No Child Left Behind (NCLB), enacted in 2002, required all public schools receiving federal funding to administer annual standardized tests to track student achievement. It sets benchmarks for states to turn around underperforming and failing schools. Though NCLB expired in 2007 and many agree it is outdated, Congress has not agreed on a replacement bill.

The Obama Administration gave states struggling to comply with all the provisions of NCLB the option of receiving a waiver, as long as they agreed to enact certain reforms, including strengthening teacher evaluations and tying them to student achievement.

Thirty-four states, including Washington, currently have waivers set to expire. The renewal process begins this month. 

"Its time to stop running scared," Knapp says.

"Washington may be a bellwether for the country" and show that NCLB's time has come and gone."

Sound bites

Here's your takeaway:

Ordway thinks the McCleary ruling and the challenges of fully funding education provide a great opportunity for Washington State to create  a world-class education system.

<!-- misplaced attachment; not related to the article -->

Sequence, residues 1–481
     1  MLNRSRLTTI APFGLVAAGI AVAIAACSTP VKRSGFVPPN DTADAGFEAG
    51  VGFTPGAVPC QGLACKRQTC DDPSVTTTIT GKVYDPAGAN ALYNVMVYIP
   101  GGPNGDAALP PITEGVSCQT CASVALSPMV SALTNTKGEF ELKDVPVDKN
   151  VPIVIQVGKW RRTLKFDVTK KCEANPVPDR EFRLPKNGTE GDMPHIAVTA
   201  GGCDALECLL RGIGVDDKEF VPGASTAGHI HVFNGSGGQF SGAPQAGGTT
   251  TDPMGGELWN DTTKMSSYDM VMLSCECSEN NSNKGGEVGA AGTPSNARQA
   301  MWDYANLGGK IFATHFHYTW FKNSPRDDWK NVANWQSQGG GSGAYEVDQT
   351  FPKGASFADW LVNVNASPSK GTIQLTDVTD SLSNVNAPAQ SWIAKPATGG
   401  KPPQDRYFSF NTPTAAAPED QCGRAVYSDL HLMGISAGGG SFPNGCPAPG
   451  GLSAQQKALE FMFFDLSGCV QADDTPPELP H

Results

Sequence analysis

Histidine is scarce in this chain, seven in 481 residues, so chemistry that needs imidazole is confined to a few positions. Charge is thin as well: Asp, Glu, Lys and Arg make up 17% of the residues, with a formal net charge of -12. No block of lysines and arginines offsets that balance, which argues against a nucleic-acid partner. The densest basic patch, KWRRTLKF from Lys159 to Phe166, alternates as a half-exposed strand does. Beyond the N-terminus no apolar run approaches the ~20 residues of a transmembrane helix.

"Education should be the cornerstone of our reputation," he says. "Just as we are known for innovative technology and wine, we should be known for education."

Even if you are the parent of a preschooler, it's worth paying attention to what lawmakers decide.

They are the architects of an education funding model that will impact students for years to come.

But the advocates present at the LEV legislative briefing agreed that it can be hard for parents to support legislation when they don't see the trickle-down effect at their child's school.

"I walked into my child's kindergarten classroom and saw how crowded it was and I wondered, 'didn't we pass a class-size reduction law?'" one advocate recounted. 

Education news

Karma cola: Nearly 100 educators will be in Olympia on the first day of the 2014 legislative session to collect sponsor signatures on a bill to restore the voter-approved educator COLA (cost-of-living adjustment).

If the legislature fails to restore the educator COLA this session, teachers, education support professionals, community and technical college faculty, and technical college classified staff will go six consecutive years without a state-funded COLA.